and the Lutheran Confessions have recognized marriage as a covenant
between a man and a woman, reflecting Mark 10: 6–9: ‘But from the beginning
of creation, God made them male and female. For this reason a man
shall leave his father and mother and be joined to his wife, and the two shall
become one  flesh. So they are no longer two, but one flesh. Therefore
what God has joined together, let no one put asunder.’ (Jesus here recalls
Genesis 1:27; 2:23–24.) Lutherans long have affirmed that the public accountability of marriage, as expressed through a legal contract, provides the necessary social support
and social trust for relationships that are intended to be sustained throughout
life and within changing and often challenging life situations.” (Human Sexuality: Gift and Trust p. 15-16)

We celebrate today that Jesus said, “9As the Father has loved me, so I have loved you; abide in my love.”

Women sing verse three

3          When love is tried as loved-ones change,
            hold still to hope though all seems strange,
            till ease returns and love grows wise
            through list’ning ears and opened eyes.

“Marriage requires constant care and cultivation. It is intended to protect
the creation and nurturing of mutual trust and love as one foundation of
human community. It is a binding relationship that provides conditions for
personal well-being, the flourishing of the partner, and the possibility of
procreation and the nurturing of children. It also is intended to be a blessing
to the community and the world. Because of promises of fidelity and
public accountability, marriage provides a context of love, trust, honesty,
and commitment within which a couple can express the profound joy of
relationship as well as address the troubles they encounter throughout life.”
(Human Sexuality: Gift and Trust p. 16)

Jesus said, “9As the Father has loved me, so I have loved you; abide in my love.”

Men sing verse four

4          When love is torn and trust betrayed,
            pray strength to love till torments fade,
            till lovers keep no score of wrong
            but hear through pain love’s Easter song.

“The Christian commitment to marriage recognizes that sin enters all relationships,
both within and outside the institution of marriage. All marriages
fall short of intentions, and difficulties are inevitable, both because of
the different needs and desires of the two individuals and because of sin,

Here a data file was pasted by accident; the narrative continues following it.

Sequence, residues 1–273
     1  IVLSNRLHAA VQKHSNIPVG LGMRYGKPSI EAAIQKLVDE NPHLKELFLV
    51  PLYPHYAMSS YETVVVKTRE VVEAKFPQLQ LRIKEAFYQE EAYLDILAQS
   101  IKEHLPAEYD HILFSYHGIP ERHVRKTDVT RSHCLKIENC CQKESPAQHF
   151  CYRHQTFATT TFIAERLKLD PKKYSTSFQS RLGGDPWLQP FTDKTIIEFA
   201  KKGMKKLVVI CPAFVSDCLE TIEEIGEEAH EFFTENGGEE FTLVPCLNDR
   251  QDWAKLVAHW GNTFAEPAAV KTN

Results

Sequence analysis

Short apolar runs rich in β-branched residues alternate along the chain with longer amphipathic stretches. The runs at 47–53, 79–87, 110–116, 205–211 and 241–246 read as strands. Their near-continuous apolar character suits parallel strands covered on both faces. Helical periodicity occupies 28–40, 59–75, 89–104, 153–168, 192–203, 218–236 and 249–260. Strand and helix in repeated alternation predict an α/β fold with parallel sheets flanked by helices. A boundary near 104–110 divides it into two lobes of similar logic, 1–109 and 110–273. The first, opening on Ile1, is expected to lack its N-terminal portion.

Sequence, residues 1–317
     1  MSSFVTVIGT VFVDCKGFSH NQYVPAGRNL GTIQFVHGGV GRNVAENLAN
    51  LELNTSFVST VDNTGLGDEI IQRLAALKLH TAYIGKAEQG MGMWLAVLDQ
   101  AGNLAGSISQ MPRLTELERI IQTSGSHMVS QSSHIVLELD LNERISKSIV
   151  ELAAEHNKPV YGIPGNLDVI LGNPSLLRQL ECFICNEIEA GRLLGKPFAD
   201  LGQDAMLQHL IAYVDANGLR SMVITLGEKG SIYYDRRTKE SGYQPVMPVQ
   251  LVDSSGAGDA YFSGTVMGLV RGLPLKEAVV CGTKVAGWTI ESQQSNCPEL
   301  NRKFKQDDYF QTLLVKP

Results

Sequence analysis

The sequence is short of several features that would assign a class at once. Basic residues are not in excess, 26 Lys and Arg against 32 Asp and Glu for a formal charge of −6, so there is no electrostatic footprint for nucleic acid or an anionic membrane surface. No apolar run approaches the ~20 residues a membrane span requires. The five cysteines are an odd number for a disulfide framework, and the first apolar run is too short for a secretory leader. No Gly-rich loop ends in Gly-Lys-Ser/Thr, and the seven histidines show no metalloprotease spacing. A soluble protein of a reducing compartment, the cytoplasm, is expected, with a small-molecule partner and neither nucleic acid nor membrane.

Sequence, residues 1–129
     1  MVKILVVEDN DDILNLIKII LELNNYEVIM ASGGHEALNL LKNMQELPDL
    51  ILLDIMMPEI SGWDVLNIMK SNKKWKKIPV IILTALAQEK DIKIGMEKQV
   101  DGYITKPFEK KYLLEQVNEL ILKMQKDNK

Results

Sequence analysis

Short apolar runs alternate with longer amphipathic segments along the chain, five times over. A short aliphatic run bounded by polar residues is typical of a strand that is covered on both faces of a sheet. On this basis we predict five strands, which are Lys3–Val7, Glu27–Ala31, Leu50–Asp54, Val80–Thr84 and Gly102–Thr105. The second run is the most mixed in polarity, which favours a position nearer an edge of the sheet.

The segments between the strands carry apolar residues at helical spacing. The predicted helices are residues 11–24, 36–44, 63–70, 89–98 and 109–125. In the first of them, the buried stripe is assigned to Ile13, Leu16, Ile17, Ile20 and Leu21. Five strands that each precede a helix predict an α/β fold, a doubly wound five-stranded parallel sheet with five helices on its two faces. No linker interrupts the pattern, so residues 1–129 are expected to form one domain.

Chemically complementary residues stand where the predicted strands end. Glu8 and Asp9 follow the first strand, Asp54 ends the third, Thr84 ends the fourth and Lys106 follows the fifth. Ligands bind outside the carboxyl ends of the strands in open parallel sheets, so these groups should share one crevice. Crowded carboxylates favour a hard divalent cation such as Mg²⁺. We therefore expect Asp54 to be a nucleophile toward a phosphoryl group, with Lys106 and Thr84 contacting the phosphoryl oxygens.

which places the anxious concern for self before the needs of the other.
Infidelity to marriage promises betrays the intimate trust of the partner, the
security of the family, and the public trust of the community.
Precisely because marriage is the place where deep human trust and needs
abide, it also can be a place of great harm. Many experience neither love
nor trust within marriage. Harming another emotionally, physically, or spiritually,
including through the misuse or abuse of power, is a profound injury.
It also is a betrayal and violation of the shelter and trust that are intended
within the marriage relationship. Particular care must be taken to support
and find safe haven for all who are at risk within a marriage.” (Human Sexuality: Gift and Trust p. 16-17)

“Love’s Easter song” invites all of us to begin each day as new creations, forgiven and redeemed. It calls us to be affirming and available to each other as we go through life for
Jesus said, “9As the Father has loved me, so I have loved you; abide in my love.”

We all sing verse five.
5          Praise God for love, praise God for life,
            in age or youth, in calm or strife.
            Lift up your hearts. Let love be fed
            through death and life in broken bread.

Text: Brian Wren, b. 1936
© 1983 Hope Publishing Co. All rights reserved.

“Despite its awareness of the presence of sin and failure in marriage, the
Christian tradition places great emphasis on the value of marriage for a
husband and wife. It is in marriage that the highest degrees of physical
intimacy are matched with and protected by the highest levels of binding
commitment, including legal protection. It is in marriage that public promises
of lifetime commitment can create the foundation for trust, intimacy,
and safety. Both the couple’s intent in their lifelong promises and the civil requirements
for marriage are important. Mutual promises of enduring care and
fidelity, made before God, allow a couple to open themselves to each other.
They permit the sharing of profound and tender affection as well as deep
vulnerabilities and anxieties. The legal contract creates a public arrangement
within which a couple may safely and equitably share their assets and
resources, arrive at joint decisions, anticipate children, protect and nurture
them, and plan for a shared future.” (Human Sexuality: Gift and Trust p.17-18)
Jesus said, “9As the Father has loved me, so I have loved you; abide in my love.”